by John Nicols
"As a young journalist, I wrote a good deal about the rural Muslim and Jewish farm communities of the upper Midwest. I met the children and grandchildren of those Muslim farmers from the Dakotas, and from eastern Iowa, where the Mother Mosque of America was constructed in 1934 in Cedar Rapids. As a reporter for the Toledo Blade, I came to know Yehia “John” Shousher and other Muslims who built a pioneering mosque in the city’s “Little Syria” neighborhood more than six decades ago. Later, they constructed one of the great mosques in North America, the Islamic Center of Greater Toledo, at which people from dozens of countries proudly celebrate their community’s “equal and vibrant representation of women and the democratic and constitutional processes that the Center diligently follows.”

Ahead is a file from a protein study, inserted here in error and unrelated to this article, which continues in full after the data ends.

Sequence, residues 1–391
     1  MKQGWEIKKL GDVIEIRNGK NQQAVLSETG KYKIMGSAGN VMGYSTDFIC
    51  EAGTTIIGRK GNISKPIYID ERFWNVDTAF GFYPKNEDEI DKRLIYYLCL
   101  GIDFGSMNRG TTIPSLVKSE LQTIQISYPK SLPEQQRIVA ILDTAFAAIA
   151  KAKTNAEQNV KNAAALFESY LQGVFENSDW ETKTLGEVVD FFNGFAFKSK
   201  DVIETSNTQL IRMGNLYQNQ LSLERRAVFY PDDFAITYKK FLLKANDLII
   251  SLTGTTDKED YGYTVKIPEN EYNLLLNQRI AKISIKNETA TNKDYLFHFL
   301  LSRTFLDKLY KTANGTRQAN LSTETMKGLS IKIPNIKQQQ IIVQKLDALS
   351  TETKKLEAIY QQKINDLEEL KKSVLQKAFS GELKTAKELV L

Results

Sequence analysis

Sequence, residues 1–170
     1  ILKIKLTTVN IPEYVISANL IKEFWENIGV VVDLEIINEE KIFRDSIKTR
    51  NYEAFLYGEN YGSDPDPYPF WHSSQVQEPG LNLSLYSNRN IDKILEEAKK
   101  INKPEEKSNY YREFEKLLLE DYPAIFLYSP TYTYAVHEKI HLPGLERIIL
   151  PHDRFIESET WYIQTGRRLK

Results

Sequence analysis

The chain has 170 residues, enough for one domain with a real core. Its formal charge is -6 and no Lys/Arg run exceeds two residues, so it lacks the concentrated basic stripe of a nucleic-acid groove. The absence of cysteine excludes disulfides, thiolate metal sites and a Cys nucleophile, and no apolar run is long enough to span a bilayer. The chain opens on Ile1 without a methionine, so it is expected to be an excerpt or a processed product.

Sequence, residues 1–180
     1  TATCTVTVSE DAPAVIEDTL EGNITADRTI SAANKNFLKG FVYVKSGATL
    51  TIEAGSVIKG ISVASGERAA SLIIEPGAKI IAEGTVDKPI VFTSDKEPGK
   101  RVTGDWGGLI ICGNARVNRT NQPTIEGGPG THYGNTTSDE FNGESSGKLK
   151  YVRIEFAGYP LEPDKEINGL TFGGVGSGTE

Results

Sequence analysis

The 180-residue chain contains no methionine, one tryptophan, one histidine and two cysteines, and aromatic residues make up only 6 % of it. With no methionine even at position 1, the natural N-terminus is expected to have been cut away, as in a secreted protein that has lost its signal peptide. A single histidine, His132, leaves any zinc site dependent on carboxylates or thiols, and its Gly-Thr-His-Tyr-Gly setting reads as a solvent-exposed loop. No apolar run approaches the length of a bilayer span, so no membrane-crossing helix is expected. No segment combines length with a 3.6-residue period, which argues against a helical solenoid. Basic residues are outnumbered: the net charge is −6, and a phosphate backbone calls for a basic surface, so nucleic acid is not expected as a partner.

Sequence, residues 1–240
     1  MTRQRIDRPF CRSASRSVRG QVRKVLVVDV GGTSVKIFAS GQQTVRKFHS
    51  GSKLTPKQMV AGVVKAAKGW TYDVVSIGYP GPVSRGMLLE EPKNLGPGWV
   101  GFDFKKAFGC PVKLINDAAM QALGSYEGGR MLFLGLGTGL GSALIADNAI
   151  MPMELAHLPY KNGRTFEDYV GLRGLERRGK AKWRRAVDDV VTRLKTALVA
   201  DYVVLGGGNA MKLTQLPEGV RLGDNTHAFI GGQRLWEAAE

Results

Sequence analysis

It is because I have spent so much time in these mosques, because I have for so long known them as part of the fabric of the communities where I have lived, of the rural regions I love, of an American experiment I have treasured, that I was so shaken by Donald Trump’s campaign claim that “there’s absolutely no choice” but to monitor mosques, to consider closing some of them, to begin tracking Muslims using “surveillance, including a watch list.”
It is for the same reason that so many of us were unsettled last week when Carl Higbie, a Trump surrogate, attempted to defend talk of a Muslim registry with a reference to the shameful treatment of Japanese-Americans during World War II. And the convoluted response to the controversy by Reince Priebus, Trump’s pick to serve as White House chief of staff, only made things worse. Even as Priebus tried to dismiss talk of a religious tests he spoke of targeting Muslim immigrants and announced: “Look, I’m not going to rule out anything.”
What Trump and his closest aides and allies are talking about is not public safety or responsible policing. It is broad-sweep stereotyping rooted in ignorance and cruelty."